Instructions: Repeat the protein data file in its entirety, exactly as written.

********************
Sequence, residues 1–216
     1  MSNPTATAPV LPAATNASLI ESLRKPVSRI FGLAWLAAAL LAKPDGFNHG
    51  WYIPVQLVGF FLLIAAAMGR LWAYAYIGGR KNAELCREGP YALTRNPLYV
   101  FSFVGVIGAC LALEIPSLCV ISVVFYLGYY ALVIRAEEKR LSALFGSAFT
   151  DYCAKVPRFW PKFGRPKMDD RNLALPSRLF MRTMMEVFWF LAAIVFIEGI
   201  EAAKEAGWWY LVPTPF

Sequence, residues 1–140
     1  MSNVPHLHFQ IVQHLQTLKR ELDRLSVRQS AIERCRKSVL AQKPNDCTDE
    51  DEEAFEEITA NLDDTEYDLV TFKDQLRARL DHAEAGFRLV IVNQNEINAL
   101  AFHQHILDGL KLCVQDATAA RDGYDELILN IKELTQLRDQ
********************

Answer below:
Sequence, residues 1–216
     1  MSNPTATAPV LPAATNASLI ESLRKPVSRI FGLAWLAAAL LAKPDGFNHG
    51  WYIPVQLVGF FLLIAAAMGR LWAYAYIGGR KNAELCREGP YALTRNPLYV
   101  FSFVGVIGAC LALEIPSLCV ISVVFYLGYY ALVIRAEEKR LSALFGSAFT
   151  DYCAKVPRFW PKFGRPKMDD RNLALPSRLF MRTMMEVFWF LAAIVFIEGI
   201  EAAKEAGWWY LVPTPF

Sequence, residues 1–140
     1  MSNVPHLHFQ IVQHLQTLKR ELDRLSVRQS AIERCRKSVL AQKPNDCTDE
    51  DEEAFEEITA NLDDTEYDLV TFKDQLRARL DHAEAGFRLV IVNQNEINAL
   101  AFHQHILDGL KLCVQDATAA RDGYDELILN IKELTQLRDQ